Many people try to decide where are the best places to retire overseas...
Those that choose to retire to Italy can be comfortable in the knowledge that Italy is considered to be one best places in the world to retire to.
Italians are warm, welcoming people who love to relax, celebrate and socialise with family and friends. This celebration and relaxation usually take place around the table either at home or in a restaurant, where they can enjoy the traditions of the Italian cuisine.
Italians have a passion for eating but also for talking. In Italy, conversation is an art form.
If you live in Italy, as you walk in the streets or stop at a café in one of the many squares, you will notice Italians of all ages engaged in intense and animated discussions on a wide variety of topics ranging from family, work, politics, gossip, food, wine and sports, and especially soccer!
From the largest cities to the most rural of villages, there is one place that remains the central meeting point of Italian culture - the piazza. No matter how big or small a piazza may be, you can be sure there will always be people sitting, strolling, walking, talking and interacting with one another. Piazzas are also the main focal points for Italian festivals, gatherings, celebrations and political events. This fascinating mix of activities is one of the things that makes Italy one of the best places to live.
Italy has been a favourite destination for people moving abroad for many years and there are now a considerable number of expats living in Italy. There are quite large communities in Tuscany, Marche and Puglia as well as in the area around Rome where there are many companies and organisations providing products and services for expats. The southern regions are beginning to be interesting to foreigners, but generally in those areas there are fewer expats living in Italy.
Moving to Italy:
There are some pages of useful information for people living in, or intending to live in Italy, listed on the menu at the top-left of this page.
One of the first things to consider when moving to Italy is exactly where in the country you want to go. Italy is one of the most diverse countries on the planet, and all of the regions have something different to offer. If you want to live somewhere flat, don't move to Aosta. If you want somewhere hilly, don't move to Puglia. Do your homework first! More...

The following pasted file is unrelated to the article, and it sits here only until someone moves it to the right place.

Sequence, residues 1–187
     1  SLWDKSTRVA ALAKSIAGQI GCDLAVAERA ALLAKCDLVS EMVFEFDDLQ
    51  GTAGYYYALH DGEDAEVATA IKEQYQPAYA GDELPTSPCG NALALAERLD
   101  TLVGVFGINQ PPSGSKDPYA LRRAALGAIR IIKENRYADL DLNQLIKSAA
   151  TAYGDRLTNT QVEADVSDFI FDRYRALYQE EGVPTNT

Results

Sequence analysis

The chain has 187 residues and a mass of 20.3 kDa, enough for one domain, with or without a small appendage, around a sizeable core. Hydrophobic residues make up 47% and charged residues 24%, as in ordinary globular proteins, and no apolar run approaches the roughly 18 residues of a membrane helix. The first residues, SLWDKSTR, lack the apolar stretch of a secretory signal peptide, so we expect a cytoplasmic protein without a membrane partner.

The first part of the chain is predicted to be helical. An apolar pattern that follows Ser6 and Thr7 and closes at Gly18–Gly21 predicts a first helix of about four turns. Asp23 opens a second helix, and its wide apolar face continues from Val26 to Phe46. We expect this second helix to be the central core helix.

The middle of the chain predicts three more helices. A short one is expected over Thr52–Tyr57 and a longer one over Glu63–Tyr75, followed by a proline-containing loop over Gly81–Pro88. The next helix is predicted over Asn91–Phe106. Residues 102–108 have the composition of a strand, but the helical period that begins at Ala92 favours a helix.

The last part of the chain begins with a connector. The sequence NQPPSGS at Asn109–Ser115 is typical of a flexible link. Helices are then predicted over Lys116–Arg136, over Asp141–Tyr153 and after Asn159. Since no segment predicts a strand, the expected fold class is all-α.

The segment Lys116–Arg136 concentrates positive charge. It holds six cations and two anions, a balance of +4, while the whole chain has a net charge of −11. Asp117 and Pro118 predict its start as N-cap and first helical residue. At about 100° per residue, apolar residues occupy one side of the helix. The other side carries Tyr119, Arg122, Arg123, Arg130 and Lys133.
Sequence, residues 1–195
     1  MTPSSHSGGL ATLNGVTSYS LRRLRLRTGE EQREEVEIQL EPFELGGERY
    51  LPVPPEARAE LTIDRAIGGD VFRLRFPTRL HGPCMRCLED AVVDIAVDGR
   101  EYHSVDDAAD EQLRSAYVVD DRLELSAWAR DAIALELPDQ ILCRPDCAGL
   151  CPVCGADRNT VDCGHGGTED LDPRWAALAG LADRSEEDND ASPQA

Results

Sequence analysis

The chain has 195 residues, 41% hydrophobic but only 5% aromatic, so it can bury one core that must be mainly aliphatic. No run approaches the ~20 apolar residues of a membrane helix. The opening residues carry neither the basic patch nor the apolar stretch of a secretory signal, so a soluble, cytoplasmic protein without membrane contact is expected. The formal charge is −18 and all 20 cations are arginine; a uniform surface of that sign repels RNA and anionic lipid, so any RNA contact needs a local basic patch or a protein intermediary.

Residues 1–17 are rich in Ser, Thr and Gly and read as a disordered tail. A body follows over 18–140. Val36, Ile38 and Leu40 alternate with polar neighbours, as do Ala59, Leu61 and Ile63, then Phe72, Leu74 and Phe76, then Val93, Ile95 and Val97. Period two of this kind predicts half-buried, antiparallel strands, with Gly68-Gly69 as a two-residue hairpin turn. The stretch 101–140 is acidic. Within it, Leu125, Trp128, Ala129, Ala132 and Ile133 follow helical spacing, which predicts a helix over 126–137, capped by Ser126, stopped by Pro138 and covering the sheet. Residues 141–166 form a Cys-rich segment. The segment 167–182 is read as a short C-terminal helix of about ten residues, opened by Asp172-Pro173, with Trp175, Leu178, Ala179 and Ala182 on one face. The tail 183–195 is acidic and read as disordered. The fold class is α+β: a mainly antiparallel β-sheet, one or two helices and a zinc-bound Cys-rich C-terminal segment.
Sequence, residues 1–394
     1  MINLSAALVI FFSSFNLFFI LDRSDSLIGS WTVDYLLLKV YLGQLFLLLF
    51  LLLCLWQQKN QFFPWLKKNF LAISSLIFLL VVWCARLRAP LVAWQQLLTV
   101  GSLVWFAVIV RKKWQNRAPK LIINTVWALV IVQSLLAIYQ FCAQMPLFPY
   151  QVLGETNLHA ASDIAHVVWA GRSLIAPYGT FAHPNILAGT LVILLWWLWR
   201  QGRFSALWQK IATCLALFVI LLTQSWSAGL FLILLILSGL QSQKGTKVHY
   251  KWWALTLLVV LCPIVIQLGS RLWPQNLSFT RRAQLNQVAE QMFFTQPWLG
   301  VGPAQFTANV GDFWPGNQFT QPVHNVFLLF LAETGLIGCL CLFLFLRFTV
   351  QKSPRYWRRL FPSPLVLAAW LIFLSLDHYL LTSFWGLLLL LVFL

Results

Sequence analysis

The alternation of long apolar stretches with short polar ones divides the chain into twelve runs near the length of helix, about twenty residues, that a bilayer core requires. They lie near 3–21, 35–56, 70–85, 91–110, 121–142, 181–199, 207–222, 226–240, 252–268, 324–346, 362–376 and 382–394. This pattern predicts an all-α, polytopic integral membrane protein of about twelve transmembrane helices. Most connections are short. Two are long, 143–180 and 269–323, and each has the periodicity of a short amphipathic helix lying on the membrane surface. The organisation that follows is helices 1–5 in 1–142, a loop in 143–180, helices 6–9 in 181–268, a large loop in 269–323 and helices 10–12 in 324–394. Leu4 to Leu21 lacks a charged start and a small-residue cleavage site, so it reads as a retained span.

Buying a property in Italy can be complicated, and there are several additional payments and taxes involved, so it is a good idea to find out as much as you can about the process before starting 'house hunting'. More...
Anyone who is moving to Italy should make efforts to learn the language. It seems like an obvious thing to say, but many expats don't, and the success or failure of their move can be affected by not being able to understand what is going on around them. Although many Italians do speak some degree of English, it is by no mean universal, and it would be foolish to rely on always being able to find someone to translate for you.
Anyone from within the EU who is moving to Italy needs to become a resident after being in the country for 3 months. Anyone from outside the EU, needs to apply for a 'Permesso di Soggiorno' within 90 days of arrival, even if they do not require a visa to visit Italy. There is plenty of information on Italian residency, italian immigration and italian citizenship in our page 'Living Legally in Italy'. More...
If a foreign-plated car is imported into Italy, it must be re-registered in Italy within 6 months. This must be arranged through your local Immatriculation Centre. The process is somewhat complicated, so you should allow plenty of time if you are moving to italy permanently. More...
As an Italian property owner, whether resident or non resident, you must by law file a tax return in Italy. So, for expats living in Italy, or for those planning to relocate to Italy, it is important to get advice about your tax position. More...